Philadelphia cheek

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What’s surprising at Seraphin? If you were thinking that a gallery that mostly trades in New York big names, etc., can hold few surprises, you’d be surprised.

There’s a show there that’s neither safe nor big-name, and it’s mainly local.

I have to think that Seraphin gave this show a chance because June is the beginning of the summer art doldrums. Curated by gallery assistant Todd Keyser, the show, “Philadelphia Cheek,” has a bit of humor, a bit of surrealism, and a plunge into darkness–much with a supercilious or cool tinge (hence the show title).

The work comes mostly from young people who came of age when 9/11 changed the world. The imagery is mostly dark, with a smiley face painted on top. So Jason Loebs’ juicy paintwork and stretched, distorted comic figures live in a pixillated world with unclear parameters and no solid earth underfoot (right, Untitled 1, 53 x 36 inches).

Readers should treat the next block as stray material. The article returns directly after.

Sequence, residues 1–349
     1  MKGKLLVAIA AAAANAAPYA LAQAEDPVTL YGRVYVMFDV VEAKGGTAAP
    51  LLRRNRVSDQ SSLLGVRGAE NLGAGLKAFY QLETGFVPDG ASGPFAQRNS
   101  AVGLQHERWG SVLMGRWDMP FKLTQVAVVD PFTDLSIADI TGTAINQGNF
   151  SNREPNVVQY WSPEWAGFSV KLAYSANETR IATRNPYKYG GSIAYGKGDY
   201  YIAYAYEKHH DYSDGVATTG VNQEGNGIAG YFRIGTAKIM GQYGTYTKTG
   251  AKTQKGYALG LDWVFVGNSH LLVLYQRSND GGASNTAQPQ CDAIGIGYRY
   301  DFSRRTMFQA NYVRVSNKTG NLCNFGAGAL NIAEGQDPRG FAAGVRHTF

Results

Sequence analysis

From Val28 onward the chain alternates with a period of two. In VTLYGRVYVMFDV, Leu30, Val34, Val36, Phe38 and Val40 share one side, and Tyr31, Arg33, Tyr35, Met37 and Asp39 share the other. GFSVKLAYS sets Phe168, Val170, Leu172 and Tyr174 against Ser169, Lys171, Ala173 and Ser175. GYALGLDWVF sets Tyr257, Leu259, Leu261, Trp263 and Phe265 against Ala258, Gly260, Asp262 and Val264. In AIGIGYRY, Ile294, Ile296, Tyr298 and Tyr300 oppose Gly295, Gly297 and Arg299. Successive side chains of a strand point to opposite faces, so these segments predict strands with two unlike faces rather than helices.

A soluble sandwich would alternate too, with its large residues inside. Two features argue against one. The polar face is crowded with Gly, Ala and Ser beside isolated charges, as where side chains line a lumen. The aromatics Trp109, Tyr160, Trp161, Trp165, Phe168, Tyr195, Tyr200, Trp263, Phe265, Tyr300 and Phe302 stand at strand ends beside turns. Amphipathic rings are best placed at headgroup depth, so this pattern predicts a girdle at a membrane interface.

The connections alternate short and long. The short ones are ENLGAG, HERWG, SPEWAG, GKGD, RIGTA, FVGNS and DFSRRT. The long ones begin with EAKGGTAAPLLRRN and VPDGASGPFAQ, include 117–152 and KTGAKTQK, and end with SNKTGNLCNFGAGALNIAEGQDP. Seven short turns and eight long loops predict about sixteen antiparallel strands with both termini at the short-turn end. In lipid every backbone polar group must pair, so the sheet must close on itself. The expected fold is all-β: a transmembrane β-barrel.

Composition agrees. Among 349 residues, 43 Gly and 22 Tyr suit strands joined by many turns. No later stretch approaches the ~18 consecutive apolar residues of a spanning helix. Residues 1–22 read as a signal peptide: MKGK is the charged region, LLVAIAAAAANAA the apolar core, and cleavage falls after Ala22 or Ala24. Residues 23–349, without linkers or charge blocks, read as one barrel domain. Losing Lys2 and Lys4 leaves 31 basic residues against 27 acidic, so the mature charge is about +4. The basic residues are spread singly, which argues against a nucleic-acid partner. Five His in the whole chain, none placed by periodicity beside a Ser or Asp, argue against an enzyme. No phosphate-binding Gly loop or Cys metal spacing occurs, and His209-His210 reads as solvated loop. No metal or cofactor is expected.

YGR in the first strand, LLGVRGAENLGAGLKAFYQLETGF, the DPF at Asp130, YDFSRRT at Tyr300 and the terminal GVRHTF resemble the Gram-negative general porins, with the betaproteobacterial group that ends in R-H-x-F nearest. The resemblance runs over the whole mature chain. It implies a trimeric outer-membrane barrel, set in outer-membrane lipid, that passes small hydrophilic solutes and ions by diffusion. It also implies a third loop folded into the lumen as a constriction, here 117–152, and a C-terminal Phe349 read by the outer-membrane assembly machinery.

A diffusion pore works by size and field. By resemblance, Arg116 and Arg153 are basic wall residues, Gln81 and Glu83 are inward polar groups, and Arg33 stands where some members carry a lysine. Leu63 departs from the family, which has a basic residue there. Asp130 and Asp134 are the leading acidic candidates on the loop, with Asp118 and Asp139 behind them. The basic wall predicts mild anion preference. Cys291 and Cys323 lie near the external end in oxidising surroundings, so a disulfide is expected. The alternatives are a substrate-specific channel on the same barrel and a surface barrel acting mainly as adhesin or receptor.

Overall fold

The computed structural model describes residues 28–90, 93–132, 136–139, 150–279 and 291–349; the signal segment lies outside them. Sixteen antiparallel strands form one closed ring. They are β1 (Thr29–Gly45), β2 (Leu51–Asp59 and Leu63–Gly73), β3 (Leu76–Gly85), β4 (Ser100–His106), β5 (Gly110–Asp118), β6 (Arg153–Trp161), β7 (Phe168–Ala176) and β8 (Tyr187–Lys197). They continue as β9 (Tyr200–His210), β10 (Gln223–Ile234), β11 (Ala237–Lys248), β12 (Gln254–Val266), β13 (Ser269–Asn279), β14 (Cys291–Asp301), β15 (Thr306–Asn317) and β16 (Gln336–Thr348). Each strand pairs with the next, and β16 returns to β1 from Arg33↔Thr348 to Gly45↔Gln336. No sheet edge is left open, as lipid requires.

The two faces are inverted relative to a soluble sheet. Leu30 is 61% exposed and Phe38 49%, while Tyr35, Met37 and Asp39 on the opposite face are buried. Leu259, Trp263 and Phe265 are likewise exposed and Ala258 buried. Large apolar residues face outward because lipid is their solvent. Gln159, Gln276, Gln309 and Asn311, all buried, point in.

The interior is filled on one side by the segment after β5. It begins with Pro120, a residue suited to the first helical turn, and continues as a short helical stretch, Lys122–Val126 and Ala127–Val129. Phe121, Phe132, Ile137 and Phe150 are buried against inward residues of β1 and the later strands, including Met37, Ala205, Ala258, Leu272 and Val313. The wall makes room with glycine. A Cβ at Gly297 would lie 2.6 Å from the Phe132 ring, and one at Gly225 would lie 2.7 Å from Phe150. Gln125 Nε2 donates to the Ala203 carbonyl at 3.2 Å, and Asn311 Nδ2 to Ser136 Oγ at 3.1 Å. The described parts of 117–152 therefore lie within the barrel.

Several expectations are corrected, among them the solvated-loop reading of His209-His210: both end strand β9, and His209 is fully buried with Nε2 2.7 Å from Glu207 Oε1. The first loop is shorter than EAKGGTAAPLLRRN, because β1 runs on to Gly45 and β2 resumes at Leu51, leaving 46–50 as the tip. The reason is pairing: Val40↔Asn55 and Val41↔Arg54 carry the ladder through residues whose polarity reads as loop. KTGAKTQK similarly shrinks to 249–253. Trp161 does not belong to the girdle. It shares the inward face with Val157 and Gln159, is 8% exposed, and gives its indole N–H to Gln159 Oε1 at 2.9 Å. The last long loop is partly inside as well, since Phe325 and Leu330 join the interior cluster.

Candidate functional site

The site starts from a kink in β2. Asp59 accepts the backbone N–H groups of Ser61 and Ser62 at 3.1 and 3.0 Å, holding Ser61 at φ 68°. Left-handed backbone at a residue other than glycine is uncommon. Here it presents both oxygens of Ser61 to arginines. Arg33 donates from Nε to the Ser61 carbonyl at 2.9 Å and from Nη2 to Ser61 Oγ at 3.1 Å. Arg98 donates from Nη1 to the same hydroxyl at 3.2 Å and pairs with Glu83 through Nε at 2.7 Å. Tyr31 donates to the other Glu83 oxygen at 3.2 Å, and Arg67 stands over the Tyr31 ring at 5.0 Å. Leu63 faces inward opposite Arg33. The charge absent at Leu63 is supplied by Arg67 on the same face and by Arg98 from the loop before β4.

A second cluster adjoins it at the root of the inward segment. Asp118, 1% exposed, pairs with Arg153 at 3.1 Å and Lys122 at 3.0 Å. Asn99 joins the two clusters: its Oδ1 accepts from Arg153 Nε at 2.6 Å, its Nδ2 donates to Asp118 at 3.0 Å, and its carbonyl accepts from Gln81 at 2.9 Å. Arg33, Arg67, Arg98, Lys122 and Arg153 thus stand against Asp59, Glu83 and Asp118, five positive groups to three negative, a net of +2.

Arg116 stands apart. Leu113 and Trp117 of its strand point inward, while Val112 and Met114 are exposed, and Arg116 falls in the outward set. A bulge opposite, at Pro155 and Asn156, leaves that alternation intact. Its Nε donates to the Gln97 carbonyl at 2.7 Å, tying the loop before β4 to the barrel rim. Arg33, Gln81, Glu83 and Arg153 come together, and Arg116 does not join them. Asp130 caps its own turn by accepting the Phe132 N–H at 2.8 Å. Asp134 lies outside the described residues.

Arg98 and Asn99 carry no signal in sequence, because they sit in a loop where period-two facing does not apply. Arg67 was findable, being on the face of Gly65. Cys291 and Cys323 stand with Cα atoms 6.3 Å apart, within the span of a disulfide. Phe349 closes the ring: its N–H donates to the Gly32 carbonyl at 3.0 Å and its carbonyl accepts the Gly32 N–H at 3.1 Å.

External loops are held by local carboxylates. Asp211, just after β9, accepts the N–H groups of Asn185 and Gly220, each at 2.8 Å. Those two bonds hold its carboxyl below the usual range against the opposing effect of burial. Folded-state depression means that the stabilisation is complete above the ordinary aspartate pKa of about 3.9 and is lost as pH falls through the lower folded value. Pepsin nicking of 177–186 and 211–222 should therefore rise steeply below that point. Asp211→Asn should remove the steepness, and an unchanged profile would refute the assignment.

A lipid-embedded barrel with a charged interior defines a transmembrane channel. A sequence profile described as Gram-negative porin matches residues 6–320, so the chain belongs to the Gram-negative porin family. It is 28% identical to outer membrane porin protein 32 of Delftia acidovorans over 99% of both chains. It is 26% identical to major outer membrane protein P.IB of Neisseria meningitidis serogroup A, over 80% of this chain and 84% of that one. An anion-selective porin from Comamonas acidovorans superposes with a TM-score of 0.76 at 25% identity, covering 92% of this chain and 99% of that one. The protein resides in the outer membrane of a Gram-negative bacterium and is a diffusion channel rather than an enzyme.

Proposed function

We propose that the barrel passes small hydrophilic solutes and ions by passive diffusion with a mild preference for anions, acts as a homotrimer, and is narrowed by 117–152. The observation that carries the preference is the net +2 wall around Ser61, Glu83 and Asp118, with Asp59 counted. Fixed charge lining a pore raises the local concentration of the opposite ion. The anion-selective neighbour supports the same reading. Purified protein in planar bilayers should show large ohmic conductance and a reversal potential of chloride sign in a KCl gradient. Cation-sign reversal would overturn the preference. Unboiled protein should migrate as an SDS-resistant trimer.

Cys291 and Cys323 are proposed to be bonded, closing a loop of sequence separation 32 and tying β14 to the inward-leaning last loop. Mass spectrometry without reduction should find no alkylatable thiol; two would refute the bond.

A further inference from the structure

And Ben Will’s paintings have titles like “Mortar Defense Unit.” This one to the left, “The Warmth of the Fold,” at least offers a suggestion of sexiness along with its unnatural landscape. Will’s beautiful colors in the other pieces belie his dark subject matter.

Alana Bograd’s swell comic surreal paintings with manga influences offer a space that’s only space, no ground. But there’s plenty of worry in the imagery. In “Winged” (top, 28 x 22 inches), plants are trampled by an elephant-like foot that morphs into a mutant shape. Small creatures on chariots fly, and bubbles and blue sausages run riot against an orange sky.